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SolveCFS Biobank Beginning

Discussion in 'General ME/CFS News' started by jspotila, Mar 29, 2010.

  1. jspotila

    jspotila Senior Member

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    Cort, the Association does not have federal funding for the BioBank.

    There is an annual membership cost paid to Genetic Alliance for the biobanking infrastructure and support. That is a fixed cost of $20,000 per year that does not change depending on the number of subjects enrolled and samples and stored. There are variable costs charged for the collection and storage of clinical information, blood samples, tissue samples and DNA samples. The Association will be charged for each subject enrolled, depending on the specific requirements for processing the samples that are obtained from that individual. Those requirements will change to reflect the nature of studies conducted. The present cost to the Association for each subject enrolled in the BioBank is approximately $450, based on the types of laboratory processing done on each sample. That cost is borne by the Association, not the BioBank subject. The only cost the subject is asked to bear is the cost (if any) for the phlebotomy, which ranges from $10-40. Collection tubes, shipping costs and materials are all provided. We will seek reimbursement of these costs with future studies and will try to make at-home phlebotomy services available, but at the present time our limited resources cannot support these additional expenses.
  2. Hope123

    Hope123 Senior Member

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    I wanted to comment on the point about people participating in studies. In my prior life, I had some experience with research. People participate for a multitude of reasons, some of which could be judged as selfish and some of which could be judged as altruistic, but everyone has their own reasons for doing it. Few studies are ever totally benign and the Light study was potentially harmful in that exercise could cause a severe relapse for some of the participants. Perhaps some felt monetary or other compensation was appropriate for this or other risks (e.g. going to the clinic) they would be undertaking. Perhaps some were scared and did not want to find out whether they had a retrovirus or not. We don't know so let's not judge.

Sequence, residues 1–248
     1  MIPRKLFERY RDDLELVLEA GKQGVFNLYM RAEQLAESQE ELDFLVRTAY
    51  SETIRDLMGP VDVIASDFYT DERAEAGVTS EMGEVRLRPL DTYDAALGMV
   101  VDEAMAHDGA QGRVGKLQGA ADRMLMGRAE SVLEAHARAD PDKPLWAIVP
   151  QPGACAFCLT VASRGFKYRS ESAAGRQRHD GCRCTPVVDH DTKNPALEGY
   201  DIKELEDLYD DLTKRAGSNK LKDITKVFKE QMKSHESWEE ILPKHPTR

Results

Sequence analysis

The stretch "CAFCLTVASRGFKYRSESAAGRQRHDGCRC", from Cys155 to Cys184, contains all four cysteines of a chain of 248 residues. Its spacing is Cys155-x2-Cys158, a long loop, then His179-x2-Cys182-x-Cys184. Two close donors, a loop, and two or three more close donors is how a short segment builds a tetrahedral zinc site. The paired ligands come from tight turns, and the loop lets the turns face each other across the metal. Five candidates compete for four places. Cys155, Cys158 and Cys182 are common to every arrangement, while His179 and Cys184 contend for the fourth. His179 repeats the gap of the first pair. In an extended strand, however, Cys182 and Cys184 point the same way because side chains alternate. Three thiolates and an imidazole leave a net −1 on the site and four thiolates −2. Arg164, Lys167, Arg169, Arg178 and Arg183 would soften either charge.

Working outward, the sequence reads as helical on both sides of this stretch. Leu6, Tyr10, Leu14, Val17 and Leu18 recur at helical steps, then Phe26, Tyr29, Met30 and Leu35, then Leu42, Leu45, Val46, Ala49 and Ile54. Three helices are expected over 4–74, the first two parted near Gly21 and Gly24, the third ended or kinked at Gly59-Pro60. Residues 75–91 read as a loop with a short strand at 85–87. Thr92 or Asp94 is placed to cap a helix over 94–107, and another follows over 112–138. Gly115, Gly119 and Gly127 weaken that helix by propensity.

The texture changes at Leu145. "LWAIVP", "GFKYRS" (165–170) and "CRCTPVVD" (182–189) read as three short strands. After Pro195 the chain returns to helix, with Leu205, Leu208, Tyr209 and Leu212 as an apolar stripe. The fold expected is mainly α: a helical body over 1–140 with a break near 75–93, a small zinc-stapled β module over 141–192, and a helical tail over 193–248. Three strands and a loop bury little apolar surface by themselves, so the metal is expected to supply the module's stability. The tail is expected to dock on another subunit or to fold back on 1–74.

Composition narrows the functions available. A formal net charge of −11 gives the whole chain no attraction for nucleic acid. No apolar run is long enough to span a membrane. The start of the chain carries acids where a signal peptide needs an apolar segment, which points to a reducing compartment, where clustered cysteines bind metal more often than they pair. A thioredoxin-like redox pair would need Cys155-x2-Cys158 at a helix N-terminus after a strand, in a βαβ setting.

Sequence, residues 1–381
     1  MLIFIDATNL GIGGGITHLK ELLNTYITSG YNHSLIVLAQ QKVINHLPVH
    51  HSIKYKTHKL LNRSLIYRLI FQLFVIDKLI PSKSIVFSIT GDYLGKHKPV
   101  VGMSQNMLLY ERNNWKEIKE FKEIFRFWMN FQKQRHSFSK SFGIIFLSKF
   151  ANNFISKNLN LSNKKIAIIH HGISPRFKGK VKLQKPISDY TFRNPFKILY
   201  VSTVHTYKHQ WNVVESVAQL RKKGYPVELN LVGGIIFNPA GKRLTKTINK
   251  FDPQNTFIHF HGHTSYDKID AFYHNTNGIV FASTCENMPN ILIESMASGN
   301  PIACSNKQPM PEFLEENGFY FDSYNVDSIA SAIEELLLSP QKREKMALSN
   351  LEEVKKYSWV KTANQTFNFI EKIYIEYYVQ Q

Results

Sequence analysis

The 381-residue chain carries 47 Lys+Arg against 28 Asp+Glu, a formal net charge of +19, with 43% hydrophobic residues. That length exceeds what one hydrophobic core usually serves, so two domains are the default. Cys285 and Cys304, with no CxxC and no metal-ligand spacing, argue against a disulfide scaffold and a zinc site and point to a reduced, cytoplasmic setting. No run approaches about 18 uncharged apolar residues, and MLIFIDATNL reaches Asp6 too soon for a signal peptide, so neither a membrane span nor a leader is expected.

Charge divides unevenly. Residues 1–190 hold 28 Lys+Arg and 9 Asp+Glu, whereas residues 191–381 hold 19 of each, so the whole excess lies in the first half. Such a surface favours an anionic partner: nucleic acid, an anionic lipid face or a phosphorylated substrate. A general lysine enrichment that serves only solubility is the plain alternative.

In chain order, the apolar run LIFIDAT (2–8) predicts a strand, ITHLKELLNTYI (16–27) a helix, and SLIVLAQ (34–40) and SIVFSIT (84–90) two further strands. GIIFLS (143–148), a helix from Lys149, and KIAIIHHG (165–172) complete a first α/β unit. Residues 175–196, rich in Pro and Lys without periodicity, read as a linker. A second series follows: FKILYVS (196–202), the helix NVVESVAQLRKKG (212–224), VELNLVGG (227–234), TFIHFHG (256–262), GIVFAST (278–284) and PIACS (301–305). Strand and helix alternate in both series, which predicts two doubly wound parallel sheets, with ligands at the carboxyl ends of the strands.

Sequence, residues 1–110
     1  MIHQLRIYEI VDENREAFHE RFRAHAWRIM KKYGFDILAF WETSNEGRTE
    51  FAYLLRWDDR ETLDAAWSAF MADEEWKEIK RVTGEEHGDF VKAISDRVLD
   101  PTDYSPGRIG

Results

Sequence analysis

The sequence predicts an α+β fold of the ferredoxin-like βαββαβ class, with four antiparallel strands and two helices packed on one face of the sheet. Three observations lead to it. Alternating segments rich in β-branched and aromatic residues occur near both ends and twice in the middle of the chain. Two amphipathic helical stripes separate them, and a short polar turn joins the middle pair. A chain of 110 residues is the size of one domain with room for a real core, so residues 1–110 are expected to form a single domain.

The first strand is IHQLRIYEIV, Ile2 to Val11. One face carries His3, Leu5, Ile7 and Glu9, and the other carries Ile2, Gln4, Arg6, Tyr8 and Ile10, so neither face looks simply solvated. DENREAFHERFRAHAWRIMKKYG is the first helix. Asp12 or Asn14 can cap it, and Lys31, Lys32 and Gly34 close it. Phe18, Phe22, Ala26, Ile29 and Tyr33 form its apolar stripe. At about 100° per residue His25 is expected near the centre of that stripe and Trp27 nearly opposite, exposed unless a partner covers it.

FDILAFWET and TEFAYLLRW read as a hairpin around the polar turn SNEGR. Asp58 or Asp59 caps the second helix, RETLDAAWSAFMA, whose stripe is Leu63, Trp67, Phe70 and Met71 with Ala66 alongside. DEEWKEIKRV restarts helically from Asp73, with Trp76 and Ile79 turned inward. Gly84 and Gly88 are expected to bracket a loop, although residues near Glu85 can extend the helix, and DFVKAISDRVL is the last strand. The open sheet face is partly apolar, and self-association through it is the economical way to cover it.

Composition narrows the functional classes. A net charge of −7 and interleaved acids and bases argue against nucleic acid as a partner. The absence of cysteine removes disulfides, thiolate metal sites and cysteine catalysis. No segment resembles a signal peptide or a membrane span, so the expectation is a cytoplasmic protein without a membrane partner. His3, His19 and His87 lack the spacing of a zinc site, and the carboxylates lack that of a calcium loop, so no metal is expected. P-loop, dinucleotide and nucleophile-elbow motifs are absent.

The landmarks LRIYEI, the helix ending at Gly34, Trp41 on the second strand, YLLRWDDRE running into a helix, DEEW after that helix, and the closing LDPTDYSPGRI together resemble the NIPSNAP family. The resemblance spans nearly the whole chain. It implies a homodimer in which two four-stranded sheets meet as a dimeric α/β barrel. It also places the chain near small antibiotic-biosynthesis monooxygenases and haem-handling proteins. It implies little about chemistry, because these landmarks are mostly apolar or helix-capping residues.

Re: funding the biobank. The biobank could start out as free for researchers to encourage interest but over time, depending on how things go, perhaps the CAA could charge a reasonable fee to institutions or researchers for access to defray costs. Also, I thought there was an ongoing intiaitive at NIH to fund registries, esp. for rare diseases? (CFS not rare but might as well be rare being an orphan disease.)
  3. starryeyes

    starryeyes Senior Member

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    Of course you can. :Retro smile:
  4. shrewsbury

    shrewsbury member

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    This is so true Hope. Thanks for the reminder.
  5. Kati

    Kati Patient in training

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    Very good points Hope.
  6. Stuart

    Stuart Senior Member

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    I had the same concerns as teejkay, I am concerned about the diagnostic criteria. It is common for doctors to have accepted idiopathic fatigue under CFS.

    The CDC and CAA and many CFS doctors have participated in blurring the lines. Many past studies are tainted due to inclusion of idiopathic fatigue patients.

    There are many who for self interests would like these patients to be continued to be included in patient and study cohorts. I hope this biobank helps get past that history.

    Given the option I would donate to the group who tells me what the study is for; will give me the results; and wont charge me for donating my time and samples. This is a problem that I see, most PwME/CFIDS are in need of information on their health status.

    Many patients cant get their doctors to do the tests, in the U.S. many have no health insurance and are years into the fight for disability benefits. In fact, these results may be what would help in that very battle.

    Research is needed, so much time has been wasted as well as money on illegitimate studies, but a Patient Advocate is still needed! Not as an ambiguous amorphous group, but the patients themselves.

    I dont see one.
  7. jspotila

    jspotila Senior Member

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    The BioBank study criteria clearly and specifically state that a subject MUST have a diagnosis under the Fukuda or Canadian case definitions by one of the four doctors listed (Bateman, Gluckman, Klimas or Lapp). Idiopathic fatigue, by definition, would not meet the stated BioBank study criteria.
  8. Hope123